Tag Archives: Love

Term 3 Week 10

“I urge, then, first of all, that petitions, prayers, intercession and thanksgiving be made for all people… that we may live peaceful and quiet lives in all godliness and holiness. This is good, and pleases God our Savior, who wants all people to be saved and to come to a knowledge of the truth.” 1 Timothy 2:1-4

Greetings from Vietnam!

When you read this newsletter, you will find me attending the Asia Lutheran Education Association conference in Hanoi, Vietnam. I am attending this conference as a representative of all Lutheran schools in Australia. As I shared with our students earlier in the year, our school is one of more than 80 Lutheran schools in Australia and one of thousands of Lutheran schools across the world.

I am enjoying the sights and sounds of Vietnam – the homeland of many of our families at Sunshine. It has been great meeting people involved with Lutheran schools in Vietnam, Papua New Guinea, Japan, Malaysia, Indonesia and many other places.

These gatherings remind me of the purpose of Lutheran schools – to proclaim God’s love to the world through the provision of quality education to all who seek it. In this mission we are joined by many brothers and sisters across the world in other Christian schools.

In our reading from this week, the apostle Paul urges us to proclaim God’s truth. How do we do this? Paul encourages us to pray for each other and to live lives that are full of peace. At this gathering of Lutheran schools it has been a great blessing to gather as the people of God, united by his Son Christ, to pray for our schools and our world.

There is so much power in prayer. Not through our own strength, but through what God does through prayer. Being in communion with God, and talking with him in prayer, helps us to live at peace with the world and be open to the things He would have us do.

As we enjoy a brief respite from the rigours of school, may we take time to connect with God and seek to live with the peace Christ left us.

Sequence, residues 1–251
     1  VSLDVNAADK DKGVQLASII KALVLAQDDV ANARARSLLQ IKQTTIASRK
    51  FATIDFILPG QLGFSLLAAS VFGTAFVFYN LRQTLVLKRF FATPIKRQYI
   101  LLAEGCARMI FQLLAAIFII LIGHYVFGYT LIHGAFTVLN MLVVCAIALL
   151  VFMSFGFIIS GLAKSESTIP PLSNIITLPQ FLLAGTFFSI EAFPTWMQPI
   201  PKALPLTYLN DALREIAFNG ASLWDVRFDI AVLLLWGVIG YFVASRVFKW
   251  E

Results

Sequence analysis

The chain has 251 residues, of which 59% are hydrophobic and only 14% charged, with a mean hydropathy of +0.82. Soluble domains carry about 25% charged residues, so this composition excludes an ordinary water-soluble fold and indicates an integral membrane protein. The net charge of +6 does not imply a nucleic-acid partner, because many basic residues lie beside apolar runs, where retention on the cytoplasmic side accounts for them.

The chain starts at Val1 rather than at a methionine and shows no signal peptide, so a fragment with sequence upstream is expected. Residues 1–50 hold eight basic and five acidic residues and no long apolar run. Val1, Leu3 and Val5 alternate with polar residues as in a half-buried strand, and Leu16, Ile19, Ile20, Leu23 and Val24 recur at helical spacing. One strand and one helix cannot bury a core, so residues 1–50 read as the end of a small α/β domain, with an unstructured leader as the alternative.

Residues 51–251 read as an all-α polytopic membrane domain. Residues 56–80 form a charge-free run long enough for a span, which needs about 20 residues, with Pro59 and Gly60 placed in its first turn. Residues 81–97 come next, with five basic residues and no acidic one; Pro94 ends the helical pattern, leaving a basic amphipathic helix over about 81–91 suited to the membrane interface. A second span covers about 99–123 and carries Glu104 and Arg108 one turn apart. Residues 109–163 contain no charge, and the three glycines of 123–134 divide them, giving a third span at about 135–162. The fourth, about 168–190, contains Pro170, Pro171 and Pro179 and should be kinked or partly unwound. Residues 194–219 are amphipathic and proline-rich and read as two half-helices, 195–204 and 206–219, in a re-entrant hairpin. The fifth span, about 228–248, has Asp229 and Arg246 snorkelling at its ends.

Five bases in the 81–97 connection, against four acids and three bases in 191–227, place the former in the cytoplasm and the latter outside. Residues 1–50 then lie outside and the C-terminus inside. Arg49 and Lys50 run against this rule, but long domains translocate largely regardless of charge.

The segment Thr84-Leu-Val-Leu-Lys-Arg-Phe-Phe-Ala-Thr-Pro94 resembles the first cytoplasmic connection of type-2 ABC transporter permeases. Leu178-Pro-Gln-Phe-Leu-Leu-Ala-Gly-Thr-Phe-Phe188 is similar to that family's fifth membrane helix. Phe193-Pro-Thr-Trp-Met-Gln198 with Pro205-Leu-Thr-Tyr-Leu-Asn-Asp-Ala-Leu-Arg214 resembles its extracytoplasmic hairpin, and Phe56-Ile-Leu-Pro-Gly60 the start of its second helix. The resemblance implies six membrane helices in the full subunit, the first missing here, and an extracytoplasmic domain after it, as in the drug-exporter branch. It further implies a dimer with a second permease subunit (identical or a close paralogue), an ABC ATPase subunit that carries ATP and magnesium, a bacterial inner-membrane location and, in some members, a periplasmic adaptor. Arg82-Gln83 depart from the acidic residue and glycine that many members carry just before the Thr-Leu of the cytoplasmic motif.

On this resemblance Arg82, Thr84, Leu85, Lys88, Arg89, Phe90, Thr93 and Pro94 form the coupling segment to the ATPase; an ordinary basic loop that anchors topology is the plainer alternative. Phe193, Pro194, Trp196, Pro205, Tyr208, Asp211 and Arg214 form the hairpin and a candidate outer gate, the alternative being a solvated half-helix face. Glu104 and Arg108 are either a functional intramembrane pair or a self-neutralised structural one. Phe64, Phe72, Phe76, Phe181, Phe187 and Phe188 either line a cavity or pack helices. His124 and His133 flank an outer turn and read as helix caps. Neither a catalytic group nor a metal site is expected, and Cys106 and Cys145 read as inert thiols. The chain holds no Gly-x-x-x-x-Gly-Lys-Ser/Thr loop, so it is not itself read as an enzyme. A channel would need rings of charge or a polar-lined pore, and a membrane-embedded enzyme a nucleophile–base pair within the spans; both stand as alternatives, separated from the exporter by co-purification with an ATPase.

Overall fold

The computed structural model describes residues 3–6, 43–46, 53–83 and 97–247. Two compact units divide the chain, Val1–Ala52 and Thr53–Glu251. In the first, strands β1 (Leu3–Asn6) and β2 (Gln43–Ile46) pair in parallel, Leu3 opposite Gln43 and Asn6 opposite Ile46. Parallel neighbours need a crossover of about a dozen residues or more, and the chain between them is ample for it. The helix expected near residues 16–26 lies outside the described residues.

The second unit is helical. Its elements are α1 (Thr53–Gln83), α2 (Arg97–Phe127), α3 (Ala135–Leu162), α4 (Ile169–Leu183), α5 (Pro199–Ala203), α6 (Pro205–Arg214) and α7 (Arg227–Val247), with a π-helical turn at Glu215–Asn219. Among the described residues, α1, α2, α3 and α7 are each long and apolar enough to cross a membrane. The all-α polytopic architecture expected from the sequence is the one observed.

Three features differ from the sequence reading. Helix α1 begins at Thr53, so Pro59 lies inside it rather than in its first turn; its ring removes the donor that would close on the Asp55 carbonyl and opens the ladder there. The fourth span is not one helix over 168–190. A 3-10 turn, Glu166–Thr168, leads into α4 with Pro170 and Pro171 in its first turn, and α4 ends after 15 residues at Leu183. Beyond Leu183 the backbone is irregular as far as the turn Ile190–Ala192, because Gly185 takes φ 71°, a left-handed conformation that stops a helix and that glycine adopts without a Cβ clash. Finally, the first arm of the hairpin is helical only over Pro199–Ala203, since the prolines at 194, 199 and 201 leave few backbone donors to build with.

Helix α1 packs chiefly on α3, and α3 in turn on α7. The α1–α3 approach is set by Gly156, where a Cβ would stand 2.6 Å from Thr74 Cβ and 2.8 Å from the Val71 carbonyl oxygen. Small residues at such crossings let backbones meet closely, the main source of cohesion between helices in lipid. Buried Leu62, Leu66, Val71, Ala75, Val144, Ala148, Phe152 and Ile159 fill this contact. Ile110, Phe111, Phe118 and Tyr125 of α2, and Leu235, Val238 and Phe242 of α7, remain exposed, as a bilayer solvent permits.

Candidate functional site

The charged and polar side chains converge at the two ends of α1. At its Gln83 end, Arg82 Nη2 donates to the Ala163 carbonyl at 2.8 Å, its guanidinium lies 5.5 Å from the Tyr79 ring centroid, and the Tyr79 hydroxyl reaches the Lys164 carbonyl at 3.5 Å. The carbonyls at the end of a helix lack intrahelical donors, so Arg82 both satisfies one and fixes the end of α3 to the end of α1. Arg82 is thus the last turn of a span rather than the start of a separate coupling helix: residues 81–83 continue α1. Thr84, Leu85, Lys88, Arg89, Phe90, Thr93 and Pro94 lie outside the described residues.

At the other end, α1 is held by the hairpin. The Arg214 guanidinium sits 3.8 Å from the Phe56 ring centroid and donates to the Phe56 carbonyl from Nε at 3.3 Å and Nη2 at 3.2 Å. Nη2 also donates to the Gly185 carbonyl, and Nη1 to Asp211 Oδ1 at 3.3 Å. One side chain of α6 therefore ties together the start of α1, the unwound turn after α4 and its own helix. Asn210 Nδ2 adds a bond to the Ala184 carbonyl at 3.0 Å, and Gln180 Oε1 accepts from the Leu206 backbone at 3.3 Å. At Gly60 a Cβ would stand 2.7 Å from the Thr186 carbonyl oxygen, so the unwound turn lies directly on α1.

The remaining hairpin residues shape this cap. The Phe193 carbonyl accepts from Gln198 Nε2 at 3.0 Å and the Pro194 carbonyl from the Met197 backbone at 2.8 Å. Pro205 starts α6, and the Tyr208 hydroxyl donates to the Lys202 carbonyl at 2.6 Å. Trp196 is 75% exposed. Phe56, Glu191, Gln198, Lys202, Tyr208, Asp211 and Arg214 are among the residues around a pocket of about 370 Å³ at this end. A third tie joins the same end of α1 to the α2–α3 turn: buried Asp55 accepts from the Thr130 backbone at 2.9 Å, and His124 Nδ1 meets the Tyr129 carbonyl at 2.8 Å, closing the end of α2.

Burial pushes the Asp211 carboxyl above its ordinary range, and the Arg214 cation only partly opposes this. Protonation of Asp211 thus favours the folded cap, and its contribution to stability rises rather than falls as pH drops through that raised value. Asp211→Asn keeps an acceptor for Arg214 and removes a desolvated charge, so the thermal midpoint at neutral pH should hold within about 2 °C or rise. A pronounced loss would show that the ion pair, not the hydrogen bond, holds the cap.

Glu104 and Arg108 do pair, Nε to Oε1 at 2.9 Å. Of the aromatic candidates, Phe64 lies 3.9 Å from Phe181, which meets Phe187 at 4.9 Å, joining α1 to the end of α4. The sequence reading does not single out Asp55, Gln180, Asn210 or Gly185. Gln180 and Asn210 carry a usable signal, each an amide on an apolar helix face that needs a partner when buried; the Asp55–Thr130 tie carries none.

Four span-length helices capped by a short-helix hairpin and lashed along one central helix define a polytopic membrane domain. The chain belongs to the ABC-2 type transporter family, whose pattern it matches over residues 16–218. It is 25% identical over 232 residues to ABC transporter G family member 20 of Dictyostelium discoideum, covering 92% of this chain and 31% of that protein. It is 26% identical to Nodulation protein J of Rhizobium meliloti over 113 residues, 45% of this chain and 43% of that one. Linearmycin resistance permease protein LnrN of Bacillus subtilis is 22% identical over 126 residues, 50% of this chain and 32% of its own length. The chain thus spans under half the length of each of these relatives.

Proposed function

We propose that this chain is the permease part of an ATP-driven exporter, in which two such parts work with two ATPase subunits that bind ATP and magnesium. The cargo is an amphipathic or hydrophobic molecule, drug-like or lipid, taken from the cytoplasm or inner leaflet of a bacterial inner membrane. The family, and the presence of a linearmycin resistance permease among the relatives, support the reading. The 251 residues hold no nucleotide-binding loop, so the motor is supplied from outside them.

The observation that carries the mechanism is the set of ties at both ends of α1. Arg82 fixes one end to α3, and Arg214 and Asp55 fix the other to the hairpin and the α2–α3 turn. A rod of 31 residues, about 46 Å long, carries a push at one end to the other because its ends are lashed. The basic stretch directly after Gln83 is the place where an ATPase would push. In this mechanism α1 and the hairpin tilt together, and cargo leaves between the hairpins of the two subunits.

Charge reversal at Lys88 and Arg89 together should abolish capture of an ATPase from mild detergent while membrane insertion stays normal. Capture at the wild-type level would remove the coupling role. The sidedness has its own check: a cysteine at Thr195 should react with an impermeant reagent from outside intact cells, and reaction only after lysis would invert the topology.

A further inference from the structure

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Term 3 Week 6

“‘Jesus was teaching in one of the synagogues on the Sabbath day. In the synagogue there was a woman who had an evil spirit in her. This spirit had made the woman a cripple for 18 years. Her back was always bent; she could not stand up straight. When Jesus saw her, he called her over and said, “Woman, your sickness has left you!” Jesus put his hands on her. Immediately she was able to stand up straight and began praising God. The synagogue leader was angry because Jesus healed on the Sabbath day. He said to the people, “There are six days for work. So come to be healed on one of those days. Don’t come for healing on the Sabbath day.”’ – Luke 13:10-14

Our Grade 5/6 students are leading whole school worship services over the coming weeks and their chosen theme this week was ‘Loving people and doing the right thing sometimes means breaking the rules’.

Jewish people had 613 individual rules they were required to follow as part of their religion. The rule the synagogue leader thought Jesus had broken was ‘do not undertake work on the Sabbath’.

Not working on the Sabbath is indeed an important rule that God has given us. After all, we need to allow our bodies to rest in order for us to undertake our work with joy and competence. But keeping the Sabbath is not just about following rules about rest. It is about honoring God, celebrating his mercies and reminding ourselves of the many blessings we have.

While the synagogue leader felt that the Sabbath was the worst possible day for healing, Christians would see that healing on the Sabbath is probably the best day for healing. What better way to honor God, than to care for a woman who had suffered for so long?